On March 24, 2020, the Illinois Department of Corrections reported its first confirmed cases of COVID-19 in three facilities: Stateville Correctional Center, Sheridan Correctional Center and North Lawndale Adult Transition Center. It wasn’t long before the coronavirus spread, killing nearly 100 people incarcerated in Illinois correctional facilities.
The Weekly sent incarcerated students in Northwestern University's Prison Education Program at Stateville questions about their experiences during the pandemic and feelings about the vaccinations. Thirteen wrote back. All knew at least one person who had contracted the virus. Four who responded said they tested positive for COVID-19; four others experienced symptoms but were not tested at the time.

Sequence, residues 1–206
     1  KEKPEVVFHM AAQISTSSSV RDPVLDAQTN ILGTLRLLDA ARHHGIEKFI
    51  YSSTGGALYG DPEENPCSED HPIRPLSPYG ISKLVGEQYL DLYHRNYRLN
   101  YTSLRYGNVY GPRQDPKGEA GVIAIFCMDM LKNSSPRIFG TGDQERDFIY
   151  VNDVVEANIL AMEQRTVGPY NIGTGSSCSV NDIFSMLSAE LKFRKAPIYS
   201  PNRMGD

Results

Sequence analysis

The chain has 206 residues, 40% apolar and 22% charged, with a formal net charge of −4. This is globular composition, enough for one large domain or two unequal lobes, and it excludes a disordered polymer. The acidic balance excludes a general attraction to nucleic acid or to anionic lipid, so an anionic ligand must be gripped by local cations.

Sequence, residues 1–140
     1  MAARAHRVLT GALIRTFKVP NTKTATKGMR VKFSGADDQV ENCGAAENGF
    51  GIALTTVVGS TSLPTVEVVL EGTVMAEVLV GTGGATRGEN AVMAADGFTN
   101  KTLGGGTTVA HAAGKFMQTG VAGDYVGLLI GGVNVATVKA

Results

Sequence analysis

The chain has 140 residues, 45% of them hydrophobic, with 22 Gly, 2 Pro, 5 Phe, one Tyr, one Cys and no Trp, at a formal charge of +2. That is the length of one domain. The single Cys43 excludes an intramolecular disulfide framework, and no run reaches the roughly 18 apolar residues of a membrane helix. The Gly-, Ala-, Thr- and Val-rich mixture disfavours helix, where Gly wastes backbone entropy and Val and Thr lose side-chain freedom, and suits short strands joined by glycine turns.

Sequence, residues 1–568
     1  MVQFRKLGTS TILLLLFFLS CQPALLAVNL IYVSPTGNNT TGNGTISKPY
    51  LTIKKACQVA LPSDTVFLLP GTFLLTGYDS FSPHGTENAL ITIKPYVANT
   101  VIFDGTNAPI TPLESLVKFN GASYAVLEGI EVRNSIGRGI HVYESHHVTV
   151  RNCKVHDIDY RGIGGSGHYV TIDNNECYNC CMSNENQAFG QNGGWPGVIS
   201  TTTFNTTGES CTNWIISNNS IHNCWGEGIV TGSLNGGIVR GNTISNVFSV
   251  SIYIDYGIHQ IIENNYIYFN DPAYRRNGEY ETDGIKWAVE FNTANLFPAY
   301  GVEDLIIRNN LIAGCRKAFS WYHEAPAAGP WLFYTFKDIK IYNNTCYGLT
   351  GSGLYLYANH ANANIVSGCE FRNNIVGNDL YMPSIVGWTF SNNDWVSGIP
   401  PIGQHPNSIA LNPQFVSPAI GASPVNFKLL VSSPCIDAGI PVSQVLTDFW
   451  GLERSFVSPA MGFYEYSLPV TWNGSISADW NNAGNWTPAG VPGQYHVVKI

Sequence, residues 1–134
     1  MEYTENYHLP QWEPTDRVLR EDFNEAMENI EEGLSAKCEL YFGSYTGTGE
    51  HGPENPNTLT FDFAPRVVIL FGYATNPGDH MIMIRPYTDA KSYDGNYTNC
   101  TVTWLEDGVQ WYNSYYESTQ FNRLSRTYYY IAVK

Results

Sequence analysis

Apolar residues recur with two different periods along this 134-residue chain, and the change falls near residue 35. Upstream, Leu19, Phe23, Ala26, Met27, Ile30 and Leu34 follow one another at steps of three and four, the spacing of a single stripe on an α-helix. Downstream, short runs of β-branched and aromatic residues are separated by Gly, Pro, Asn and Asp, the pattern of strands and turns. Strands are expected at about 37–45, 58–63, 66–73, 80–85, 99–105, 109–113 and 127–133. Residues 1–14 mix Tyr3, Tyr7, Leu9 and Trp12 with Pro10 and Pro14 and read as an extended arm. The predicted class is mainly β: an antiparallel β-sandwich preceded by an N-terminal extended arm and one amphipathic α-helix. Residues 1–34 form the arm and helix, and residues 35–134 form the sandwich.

“I have seen people I laughed with behind these walls die within the last year because of this virus,” wrote thirty-five-year-old Benard McKinley.
Incarcerated individuals are five and one-half times more likely to test positive for COVID-19 and three times more likely to die from it than the general public, according to the University of Chicago Law Review Online. Among the 1,091 incarcerated at Stateville, 303 have tested positive for coronavirus and at least thirteen have died.
In an effort to mitigate prison infection rates, Gov. J.B. Pritzker began granting clemencies in March 2020.
In January, Pritzker announced that corrections workers and incarcerated individuals would be included along with residents over sixty-five, first responders and education workers in Phase 1b of the state’s COVID-19 vaccine distribution plan, which began on January 25. The Illinois Department of Corrections began vaccinating prisoners in mid-February.